Gold nano-particles can be used as a fat-reducing agent. They work by reducing the fat from your wallet or bank account,.

      What is not addressed is the cost effectiveness of the various applications. Even if they were to be cost effective with gold at $300/ounce when the project was started, would they be at $1300/ounce, or higher if increased use of gold drives the price even higher?

      October 20, 2013 - 8:36 AM

      • vacuum

        one could ask whether human beings would form differently social interactions if living in community on Mars. What affect would it be, say, to live detached from earth. Wouldn’t that alter the sense of self due to being detached from Adam, the anthropological archetype (born of dust of the earth).

        or, what is life on earth if the house had its own fuel cell, spray on solar roof and CellCube vanadium redox flow battery–there to charge the Tesla in the garage 24/7; and graphene purification of grey water from the kitchen sink. This two would be a detachment.

        this presents a paradigm shift, and therefore extrapolation from current lifestyles, while ostensibly useful in the near term, also misdirect attention from what is inchoate and underway for the longer term.

        What is the shortest distance between two points? . . . Not if the points are on a sphere.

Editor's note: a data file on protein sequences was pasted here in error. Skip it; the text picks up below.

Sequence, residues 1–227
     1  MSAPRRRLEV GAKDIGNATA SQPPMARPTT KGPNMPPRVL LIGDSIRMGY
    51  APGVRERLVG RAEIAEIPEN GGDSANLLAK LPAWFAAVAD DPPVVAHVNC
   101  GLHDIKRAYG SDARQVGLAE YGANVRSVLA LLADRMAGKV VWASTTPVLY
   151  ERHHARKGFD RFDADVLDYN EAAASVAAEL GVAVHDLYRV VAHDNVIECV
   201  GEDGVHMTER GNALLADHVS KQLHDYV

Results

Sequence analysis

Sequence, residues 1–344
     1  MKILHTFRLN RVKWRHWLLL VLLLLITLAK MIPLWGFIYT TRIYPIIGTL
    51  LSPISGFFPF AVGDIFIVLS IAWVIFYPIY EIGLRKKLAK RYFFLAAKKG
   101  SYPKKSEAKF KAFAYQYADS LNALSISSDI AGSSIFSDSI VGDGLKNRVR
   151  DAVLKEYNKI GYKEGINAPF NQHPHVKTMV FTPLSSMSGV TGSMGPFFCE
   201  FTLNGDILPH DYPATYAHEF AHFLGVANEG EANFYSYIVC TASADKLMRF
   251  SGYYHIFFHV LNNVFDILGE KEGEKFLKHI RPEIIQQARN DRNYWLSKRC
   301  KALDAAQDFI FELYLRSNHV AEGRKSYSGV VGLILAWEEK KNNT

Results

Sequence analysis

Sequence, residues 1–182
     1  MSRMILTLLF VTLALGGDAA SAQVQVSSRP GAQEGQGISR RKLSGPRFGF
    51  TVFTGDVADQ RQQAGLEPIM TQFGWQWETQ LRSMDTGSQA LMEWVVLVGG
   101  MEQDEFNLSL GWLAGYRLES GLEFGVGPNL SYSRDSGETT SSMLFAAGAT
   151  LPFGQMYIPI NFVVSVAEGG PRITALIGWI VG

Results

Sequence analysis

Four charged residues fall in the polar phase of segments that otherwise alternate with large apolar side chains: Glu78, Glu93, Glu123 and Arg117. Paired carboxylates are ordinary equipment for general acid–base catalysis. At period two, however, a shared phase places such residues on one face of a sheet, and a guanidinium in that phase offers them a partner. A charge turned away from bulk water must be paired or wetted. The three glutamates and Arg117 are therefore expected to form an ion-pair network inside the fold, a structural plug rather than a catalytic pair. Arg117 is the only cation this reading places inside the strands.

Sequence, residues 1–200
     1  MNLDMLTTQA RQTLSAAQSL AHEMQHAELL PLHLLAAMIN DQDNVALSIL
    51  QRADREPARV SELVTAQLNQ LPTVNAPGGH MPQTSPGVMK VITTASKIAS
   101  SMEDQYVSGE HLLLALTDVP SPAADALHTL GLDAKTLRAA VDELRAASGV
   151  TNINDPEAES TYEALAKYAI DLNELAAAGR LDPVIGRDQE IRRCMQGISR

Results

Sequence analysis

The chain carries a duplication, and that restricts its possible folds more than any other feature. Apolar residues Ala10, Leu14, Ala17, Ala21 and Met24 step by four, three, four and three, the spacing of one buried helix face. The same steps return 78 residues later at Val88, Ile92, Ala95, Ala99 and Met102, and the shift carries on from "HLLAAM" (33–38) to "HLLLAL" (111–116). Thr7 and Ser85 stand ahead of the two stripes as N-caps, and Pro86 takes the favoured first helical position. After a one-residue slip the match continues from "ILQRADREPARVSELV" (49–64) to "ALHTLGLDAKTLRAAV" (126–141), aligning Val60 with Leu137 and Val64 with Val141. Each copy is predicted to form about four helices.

To compare the rise in graphene patents now with the rise of silicon patents during the time of the youthful Bill Gates–then to try to make a comparison between what silicon did for the economy and what graphene might do for the economy; what limited silicon so as what limits graphene. … This is spoils accuracy with precision.

        Accountancy grapples with known knowns. Don Rumsfeld: http://youtu.be/GiPe1OiKQuk?t=7s

        Additionally, there’s looks to be a fundamental change in the status of the world’s reserve curren$y. This impacts especially commodities pricing. If China, while supplying most all the techonlogy-metals & graphite, how does a loss of dollar reserve status affect these commodities for North American industry; how does that affect the value of any of the US and Canada based mining projects.

        And not to mention the paradigm shift that Bitcoins–detachment from central banking. Or crowd-source funding. Or direct democracy compliments of internet. It seems the list could go on ad infinitum.

        Yes what you say is important for consideration during the next weeks and months and year(s). But we should be mindful to realize the forest.

        ; ^ )

        October 20, 2013 - 3:04 PM

  • Bill Keenes

    Hi Robin,

    can you please explain to me why the heading of this excellent and informative article was changed from:-

    George Bauk: No time to be wasted getting dysprosium to market

    which I thought was more appropriate and really nailed what was going on and driving this push by Northern Minerals into production.

    Kind regards

    October 20, 2013 - 8:37 PM